The things that made Roy Rogers a pop culture icon in the 1950’s died long before he did. Our heroes are no longer cowboys. And no one makes a pitch for clean living anymore. And a yodeling straight-shooter dressed in frills and rhinestones (a trademark from his rodeo days) would be hopelessly out of place in these cynical times.
But for many baby boomers, Roy Rogers was their first real TV hero. His passing reminds us of how much we’ve aged and how much innocence we’ve lost.
On playgrounds today, kids threaten to “Springerize” their foes because they’ve seen one too many Jerry Springer show. Teachers have to ban language inspired by the animated “South Park.” And good guys don’t wear white hats anymore.
Although Rogers was a B-movie Western film star in the 1940’s, his popularity soared when his films were recycled on TV in the early 1950’s. The medium was in it’s infancy in 1951 when his half-hour series, “The Roy Rogers Show,” made him a TV star. The series ran seven years in NBC at 6:30 P.M. Sundays and reruns aired another three years on CBS on Saturday mornings.
Rogers already had been crowned “King of the Cowboys” before he came to TV. In 1948, an estimated 80 million went to see his films. His TV show was set on the Double R Bar Ranch where Roy continued his simple fight for law and order in the contemporary West. Also featured were: Dale Evans; Roy‘s bumbling sidekick, Pat Brady; Roy‘s horse, Trigger; Roy‘s dog, Bullet; Pat‘s cantankerous jeep, Nellybelle; and Dale‘s horse, Buttermilk.
The theme song, “Happy Trails To You“, written by Dale Evans, is embedded in the memory of many a baby boomer.
Popular with children, “The Roy Rogers Show” spawned hundreds of merchandising items from lunch boxes to Double R Bar action figures.
Roy Roger‘s screen and TV character was a good guy who could sing and use fists. He’d rather kiss his horse than get mushy with a girl. But if you had a horse as smart as Trigger, you’d probably want to kiss him, too. When Roy did get mush, it was with his real life wife, Dale.
“Today they’re making pictures that I wouldn’t want Trigger to see,” Rogers said in a 1992 interview in Los Angeles. Rogers, looking fit and trim at 81, had come to Los Angeles from his Apple Valley home to promote an American Movie Classics documentary on his life.
“I did pretty good for a guy who never finished high school and used to yodel at square dances,” he said. “I was raised on a little farm about 12 miles out of Portsmouth, Ohio. We were so far back in the woods, they almost had to pipe in sunlight.”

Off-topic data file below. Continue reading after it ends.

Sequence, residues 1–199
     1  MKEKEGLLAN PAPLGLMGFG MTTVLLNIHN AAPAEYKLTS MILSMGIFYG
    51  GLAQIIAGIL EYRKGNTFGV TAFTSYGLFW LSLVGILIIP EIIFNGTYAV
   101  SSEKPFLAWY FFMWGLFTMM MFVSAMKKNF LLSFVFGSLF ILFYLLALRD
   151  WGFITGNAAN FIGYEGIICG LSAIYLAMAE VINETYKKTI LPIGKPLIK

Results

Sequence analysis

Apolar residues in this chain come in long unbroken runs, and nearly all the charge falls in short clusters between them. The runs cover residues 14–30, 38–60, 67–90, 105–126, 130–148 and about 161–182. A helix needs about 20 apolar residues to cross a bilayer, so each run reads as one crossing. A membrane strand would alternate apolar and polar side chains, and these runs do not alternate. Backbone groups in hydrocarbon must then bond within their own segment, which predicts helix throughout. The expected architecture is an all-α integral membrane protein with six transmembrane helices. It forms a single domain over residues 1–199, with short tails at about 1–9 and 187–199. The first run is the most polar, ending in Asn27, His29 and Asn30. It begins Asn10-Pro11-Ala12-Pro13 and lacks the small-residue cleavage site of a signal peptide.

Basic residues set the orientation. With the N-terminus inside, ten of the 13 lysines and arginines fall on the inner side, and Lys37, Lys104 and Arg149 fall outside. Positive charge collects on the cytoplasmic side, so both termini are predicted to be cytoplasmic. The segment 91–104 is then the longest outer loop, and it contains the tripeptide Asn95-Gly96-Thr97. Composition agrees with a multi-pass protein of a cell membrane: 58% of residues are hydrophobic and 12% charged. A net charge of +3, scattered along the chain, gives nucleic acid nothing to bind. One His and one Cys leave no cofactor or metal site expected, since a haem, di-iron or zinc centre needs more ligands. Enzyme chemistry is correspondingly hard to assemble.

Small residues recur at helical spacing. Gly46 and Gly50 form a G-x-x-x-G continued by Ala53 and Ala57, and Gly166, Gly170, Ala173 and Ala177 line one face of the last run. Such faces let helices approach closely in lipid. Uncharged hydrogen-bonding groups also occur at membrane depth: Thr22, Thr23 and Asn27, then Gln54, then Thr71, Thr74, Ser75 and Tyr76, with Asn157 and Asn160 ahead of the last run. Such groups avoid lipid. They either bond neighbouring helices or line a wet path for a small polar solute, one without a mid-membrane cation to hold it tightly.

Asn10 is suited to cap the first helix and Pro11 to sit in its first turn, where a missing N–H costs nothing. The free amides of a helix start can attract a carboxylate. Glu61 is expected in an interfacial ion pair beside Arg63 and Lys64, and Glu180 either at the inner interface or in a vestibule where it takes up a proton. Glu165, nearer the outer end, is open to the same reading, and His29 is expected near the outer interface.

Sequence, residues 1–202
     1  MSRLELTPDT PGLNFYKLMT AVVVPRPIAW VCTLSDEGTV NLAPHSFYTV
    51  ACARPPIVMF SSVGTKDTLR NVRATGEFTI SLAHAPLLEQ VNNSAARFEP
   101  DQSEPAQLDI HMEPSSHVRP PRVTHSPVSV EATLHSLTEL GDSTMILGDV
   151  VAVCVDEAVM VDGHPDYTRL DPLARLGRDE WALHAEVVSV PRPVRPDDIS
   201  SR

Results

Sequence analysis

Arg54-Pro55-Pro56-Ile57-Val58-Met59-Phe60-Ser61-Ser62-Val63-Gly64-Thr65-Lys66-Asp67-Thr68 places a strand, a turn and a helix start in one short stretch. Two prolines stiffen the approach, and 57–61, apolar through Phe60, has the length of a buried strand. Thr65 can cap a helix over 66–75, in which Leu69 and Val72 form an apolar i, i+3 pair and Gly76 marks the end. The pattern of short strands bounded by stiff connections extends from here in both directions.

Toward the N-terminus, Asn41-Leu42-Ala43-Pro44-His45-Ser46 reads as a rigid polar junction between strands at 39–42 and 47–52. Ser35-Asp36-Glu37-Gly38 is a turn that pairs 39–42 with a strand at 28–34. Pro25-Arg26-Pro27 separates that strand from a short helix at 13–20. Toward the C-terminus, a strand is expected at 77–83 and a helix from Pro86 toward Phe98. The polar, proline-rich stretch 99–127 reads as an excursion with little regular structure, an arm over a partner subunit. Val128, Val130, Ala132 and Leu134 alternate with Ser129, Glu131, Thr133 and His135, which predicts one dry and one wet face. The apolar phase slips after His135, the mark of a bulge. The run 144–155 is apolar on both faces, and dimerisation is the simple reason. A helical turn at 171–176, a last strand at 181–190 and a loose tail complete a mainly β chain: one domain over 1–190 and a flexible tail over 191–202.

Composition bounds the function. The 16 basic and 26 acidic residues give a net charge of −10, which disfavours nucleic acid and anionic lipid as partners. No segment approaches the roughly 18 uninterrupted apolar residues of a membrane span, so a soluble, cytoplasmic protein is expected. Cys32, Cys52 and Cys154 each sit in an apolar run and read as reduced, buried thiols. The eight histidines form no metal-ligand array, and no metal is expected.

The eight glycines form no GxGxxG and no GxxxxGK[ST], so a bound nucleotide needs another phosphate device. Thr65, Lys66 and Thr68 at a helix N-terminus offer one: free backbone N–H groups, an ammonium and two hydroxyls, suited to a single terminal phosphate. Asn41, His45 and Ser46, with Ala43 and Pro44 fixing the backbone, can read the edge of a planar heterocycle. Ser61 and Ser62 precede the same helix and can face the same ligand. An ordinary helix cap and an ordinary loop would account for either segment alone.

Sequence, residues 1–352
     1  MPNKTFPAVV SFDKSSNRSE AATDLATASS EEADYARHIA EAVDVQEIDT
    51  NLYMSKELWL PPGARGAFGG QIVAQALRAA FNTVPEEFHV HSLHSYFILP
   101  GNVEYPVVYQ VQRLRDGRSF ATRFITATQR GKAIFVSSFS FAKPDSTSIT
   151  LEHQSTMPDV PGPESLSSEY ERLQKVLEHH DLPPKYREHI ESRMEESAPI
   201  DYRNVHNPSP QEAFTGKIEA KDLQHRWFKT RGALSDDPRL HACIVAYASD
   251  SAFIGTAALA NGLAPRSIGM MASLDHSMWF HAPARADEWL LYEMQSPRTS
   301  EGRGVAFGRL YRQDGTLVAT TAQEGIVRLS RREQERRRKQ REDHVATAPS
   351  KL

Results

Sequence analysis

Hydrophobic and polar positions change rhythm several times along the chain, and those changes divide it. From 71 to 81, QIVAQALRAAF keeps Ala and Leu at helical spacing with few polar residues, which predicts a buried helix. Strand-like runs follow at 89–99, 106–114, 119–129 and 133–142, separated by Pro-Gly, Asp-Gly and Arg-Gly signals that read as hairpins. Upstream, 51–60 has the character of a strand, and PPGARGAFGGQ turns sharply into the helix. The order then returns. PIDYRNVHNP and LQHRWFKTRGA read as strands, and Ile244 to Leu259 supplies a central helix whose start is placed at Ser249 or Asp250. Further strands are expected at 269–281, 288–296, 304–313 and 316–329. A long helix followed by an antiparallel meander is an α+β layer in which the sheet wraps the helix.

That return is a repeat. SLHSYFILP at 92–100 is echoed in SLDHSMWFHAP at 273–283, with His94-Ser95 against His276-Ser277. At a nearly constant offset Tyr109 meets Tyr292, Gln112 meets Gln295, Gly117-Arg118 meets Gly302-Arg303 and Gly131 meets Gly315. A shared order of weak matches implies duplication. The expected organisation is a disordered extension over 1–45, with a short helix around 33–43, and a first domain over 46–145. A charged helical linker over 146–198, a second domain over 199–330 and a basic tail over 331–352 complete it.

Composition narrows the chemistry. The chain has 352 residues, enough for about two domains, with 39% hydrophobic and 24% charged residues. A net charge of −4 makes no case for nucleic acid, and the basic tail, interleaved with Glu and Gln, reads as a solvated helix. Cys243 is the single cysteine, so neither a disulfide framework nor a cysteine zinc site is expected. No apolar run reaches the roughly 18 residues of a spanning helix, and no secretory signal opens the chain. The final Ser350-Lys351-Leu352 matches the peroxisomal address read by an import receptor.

He may have been born Leonard Slye, but he became Roy Rogers as the character blended with the man. Rogers said he believed in the things his character stood for: character, truth, justice, virtue, civility and good winning over bad. He was part of the romantic cowboy myth that post-World War II Americans embraced and clung to through the early 1960’s.
In the 1950’s, almost every kid in the country wanted to be like Roy Rogers, Hopalong Cassidy or Davy Crockett. In 1958, there were 24 Westerns in prime time television. Today there are none.
“People are always asking me why they don’t make Westerns like they used to,” Rogers said. “I don’t know the answer. The world changed. Hollywood changed. I think we’ve lost something, and we don’t know how to get it back.”
The Tampa Tribune
Roy Rogers received two Golden Boot Awards and was inducted into the National Cowboy Hall of Fame in Oklahoma City. He is the only performer elected twice to the Country Music Hall of Fame, with his Sons of the Pioneers in 1980 and as an individual in 1988. He made 87 Westerns and from 1943 to 1954, he was ranked by theater operators as the No.1 Western box office star.
He had a national chain of restaurants named after him when in 1990, Hardee’s acquired the 648 unit Roy Rogers chain and merged it into it’s business Roy and Dale are seen here on the cover of the in-house publication of Hardee’s Food Systems, Inc. He passed away Monday, July 6, 1998, at age 86.